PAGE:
The Birkbeck Forum for Nineteenth-Century Studies offers a space in which to share the latest interdisciplinary research in the field from a range of internationally-renowned scholars. We host regular lectures and panel discussions throughout the year, as part of a flexible programme of events.
Trooper George’s shooting gallery turned refuge in Dickens’s Bleak House encourages us to think about the interleaving of military and domestic cultures in mid-Victorian Britain. I take George and his shooting gallery community as representative of the Victorian investment in domesticating the military man. At the same time soldiers themselves made strenuous efforts to forge connections between their military and home identities, often using art and craft to keep in touch with family and friends and to emphasise shared skills and experiences. After a Dickens prologue, this paper focuses on my research for the current exhibition ‘Created in Conflict: British Soldier Art from the Crimean War to Today’, exploring continuities in the emotional work of soldier art and considering the ways in which soldiers’ creativity can be deployed to make us feel both better and worse about war.
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The collision of the sublime and the ethical is as unavoidable as the political crises that make us attend to antique ruins with sudden and renewed urgency. This presentation addresses the difficulty of reaching a perspective on damaged objects—a challenge that is both methodological and conceptual. The Comte de Volney’s memorable evocation of Palmyra in his widely influential Reflections on the Revolutions of Empires (1791) and John Ruskin’s searching reflections on the power of ruins and the creative drives of modernity in Modern Painters (1843-1861) offer an opportunity to explore the implications of a question that has never been more pressing: is the surveying of damage always only synonymous with overlooking it? Responding to the acute pressures of a not too-distant past, Volney and Ruskin enjoin us to consider how looking over ruins might become a new mode of seeing. The much publicized situation of antiquities at risk in zones of conflict, and the challenges posed by the movements of displaced peoples in (and out of) those same regions make it all the more vital for us to understand the ethics of over-looking.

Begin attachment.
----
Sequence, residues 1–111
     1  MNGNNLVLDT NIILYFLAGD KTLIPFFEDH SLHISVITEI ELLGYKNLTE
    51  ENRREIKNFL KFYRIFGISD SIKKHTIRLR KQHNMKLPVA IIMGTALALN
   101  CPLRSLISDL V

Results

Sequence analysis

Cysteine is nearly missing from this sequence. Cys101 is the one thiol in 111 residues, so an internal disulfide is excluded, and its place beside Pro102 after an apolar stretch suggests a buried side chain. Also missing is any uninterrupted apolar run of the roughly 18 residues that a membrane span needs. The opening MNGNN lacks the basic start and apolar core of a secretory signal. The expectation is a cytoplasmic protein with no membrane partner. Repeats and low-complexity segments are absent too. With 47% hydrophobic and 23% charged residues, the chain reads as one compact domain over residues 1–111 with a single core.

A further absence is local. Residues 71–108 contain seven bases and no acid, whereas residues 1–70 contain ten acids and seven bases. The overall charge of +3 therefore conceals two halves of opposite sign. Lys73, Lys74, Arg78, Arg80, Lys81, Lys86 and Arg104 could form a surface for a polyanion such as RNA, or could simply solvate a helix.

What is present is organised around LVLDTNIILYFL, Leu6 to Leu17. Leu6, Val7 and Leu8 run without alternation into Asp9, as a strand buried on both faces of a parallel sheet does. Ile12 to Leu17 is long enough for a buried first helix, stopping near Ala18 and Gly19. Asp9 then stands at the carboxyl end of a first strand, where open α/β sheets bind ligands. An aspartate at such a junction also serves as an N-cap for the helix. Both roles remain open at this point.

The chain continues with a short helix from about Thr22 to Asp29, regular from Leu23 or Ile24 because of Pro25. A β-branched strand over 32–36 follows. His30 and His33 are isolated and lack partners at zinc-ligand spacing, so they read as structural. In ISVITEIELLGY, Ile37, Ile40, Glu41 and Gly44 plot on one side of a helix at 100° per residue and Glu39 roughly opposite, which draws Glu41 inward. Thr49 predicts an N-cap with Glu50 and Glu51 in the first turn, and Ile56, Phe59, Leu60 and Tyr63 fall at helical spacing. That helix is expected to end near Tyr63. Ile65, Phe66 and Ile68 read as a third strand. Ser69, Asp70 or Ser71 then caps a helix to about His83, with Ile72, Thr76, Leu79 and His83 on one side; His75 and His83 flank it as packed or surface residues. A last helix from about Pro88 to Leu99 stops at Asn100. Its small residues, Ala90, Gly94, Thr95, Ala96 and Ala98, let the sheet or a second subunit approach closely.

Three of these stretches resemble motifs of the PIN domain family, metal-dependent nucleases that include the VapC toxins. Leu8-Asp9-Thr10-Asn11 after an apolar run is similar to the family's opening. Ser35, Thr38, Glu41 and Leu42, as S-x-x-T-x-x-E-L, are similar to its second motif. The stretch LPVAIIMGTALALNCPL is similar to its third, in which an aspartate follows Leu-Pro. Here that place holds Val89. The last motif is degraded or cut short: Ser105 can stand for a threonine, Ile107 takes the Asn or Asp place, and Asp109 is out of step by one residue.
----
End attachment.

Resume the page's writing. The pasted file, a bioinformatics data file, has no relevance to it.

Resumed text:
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Unless otherwise noted, all sessions take place in the Keynes Library (Room 114, School of Arts, 43 Gordon Square, WC1H 0PD), and sessions are free and all are welcome, but since the venue has limited space it will be first come, first seated.
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Please contact Shijia Yu, the Events Intern for the Birkbeck Centre for Nineteenth-Century Studies at firstname.lastname@example.org for further information.